In Romania and the Republic of Moldova, hitchhiking (to go by occasion) seems to be a quite common and practical way of travelling around. Not only in remote rural areas, but also along major roads and highways, this means of transportation is widely used.
While in many western countries, the typical hitchhiker is a young person finding a cheap way of making his journey, the hitchhikers in these two South East European countries are rather different; they represent the whole spectrum of society and age groups. With a poor and often unreliable public transport system and a personal car still rather a luxury item for many, hitchhiking is an easy way to visit relatives, go to the doctor in the district town or go home after a week’s work in other parts of the country.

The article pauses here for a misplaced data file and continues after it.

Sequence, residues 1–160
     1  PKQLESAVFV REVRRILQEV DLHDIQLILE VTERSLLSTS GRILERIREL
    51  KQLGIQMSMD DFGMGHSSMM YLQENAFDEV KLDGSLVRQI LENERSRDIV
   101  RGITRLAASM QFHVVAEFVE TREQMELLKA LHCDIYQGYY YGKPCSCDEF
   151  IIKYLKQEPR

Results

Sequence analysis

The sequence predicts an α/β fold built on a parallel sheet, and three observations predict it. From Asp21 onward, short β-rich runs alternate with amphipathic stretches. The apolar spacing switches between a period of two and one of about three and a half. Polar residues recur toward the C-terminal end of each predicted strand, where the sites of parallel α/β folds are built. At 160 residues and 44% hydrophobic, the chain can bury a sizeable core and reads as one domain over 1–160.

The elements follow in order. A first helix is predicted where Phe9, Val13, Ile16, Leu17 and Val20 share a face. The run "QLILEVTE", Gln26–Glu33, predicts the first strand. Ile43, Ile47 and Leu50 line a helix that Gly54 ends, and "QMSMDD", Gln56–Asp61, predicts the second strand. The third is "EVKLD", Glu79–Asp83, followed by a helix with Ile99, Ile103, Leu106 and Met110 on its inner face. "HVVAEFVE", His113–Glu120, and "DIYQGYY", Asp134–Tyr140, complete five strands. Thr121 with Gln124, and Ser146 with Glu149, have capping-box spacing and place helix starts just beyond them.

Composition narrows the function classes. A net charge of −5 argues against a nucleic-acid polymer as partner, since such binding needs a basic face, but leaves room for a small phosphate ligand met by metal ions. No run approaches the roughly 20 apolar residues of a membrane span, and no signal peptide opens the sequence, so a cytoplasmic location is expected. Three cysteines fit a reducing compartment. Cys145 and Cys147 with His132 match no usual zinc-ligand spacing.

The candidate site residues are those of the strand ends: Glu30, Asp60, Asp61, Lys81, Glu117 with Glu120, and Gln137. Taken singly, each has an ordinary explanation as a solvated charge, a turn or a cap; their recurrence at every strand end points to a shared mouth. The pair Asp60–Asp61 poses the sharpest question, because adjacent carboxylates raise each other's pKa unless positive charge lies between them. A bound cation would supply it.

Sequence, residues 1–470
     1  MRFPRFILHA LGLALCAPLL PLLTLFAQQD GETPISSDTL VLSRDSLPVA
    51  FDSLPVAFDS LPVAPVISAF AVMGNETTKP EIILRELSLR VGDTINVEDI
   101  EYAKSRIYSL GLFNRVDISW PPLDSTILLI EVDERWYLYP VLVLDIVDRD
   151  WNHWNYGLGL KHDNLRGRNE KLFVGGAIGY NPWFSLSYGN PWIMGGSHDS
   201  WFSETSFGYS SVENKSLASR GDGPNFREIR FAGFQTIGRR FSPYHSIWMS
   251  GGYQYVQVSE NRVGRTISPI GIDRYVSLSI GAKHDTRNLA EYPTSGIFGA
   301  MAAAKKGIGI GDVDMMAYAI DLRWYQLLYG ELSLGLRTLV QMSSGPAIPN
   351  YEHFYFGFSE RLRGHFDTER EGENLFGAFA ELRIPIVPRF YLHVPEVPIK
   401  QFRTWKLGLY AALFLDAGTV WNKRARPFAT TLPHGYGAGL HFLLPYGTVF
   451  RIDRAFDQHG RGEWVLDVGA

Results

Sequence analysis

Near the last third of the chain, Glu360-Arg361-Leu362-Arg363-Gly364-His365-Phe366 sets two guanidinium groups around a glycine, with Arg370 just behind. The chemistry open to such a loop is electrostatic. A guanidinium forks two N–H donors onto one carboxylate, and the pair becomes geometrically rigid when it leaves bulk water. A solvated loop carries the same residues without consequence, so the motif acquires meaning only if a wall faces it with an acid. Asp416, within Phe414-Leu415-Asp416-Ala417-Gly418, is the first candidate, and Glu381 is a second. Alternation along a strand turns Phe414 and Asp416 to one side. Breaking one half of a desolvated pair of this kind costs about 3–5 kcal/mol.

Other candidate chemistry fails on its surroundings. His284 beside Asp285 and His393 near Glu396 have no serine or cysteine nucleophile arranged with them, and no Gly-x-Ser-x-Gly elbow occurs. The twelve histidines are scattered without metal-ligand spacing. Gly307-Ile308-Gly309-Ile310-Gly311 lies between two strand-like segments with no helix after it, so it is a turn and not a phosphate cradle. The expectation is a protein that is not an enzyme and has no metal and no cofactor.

The poor infrastructure of the public transport meets with the interest of many drivers, to refund their petrol expenses by giving people a lift – it is common and expected to pay for the lift. The money usually amounts to the equivalent of a bus ticket. In some cities, you can find huge crowds of hitchhikers on the arterial roads. Despite the many aspirants, there is usually only little waiting involved to get a lift.
The following photos of hitchhikers were taken on a trip with a van through Romania and the Republic of Moldova. The act of photographing was always the same: Slow down the car, reach out for the camera, run around the van and ask our hitchhikers for a photo before they are gone. Enjoy the trip!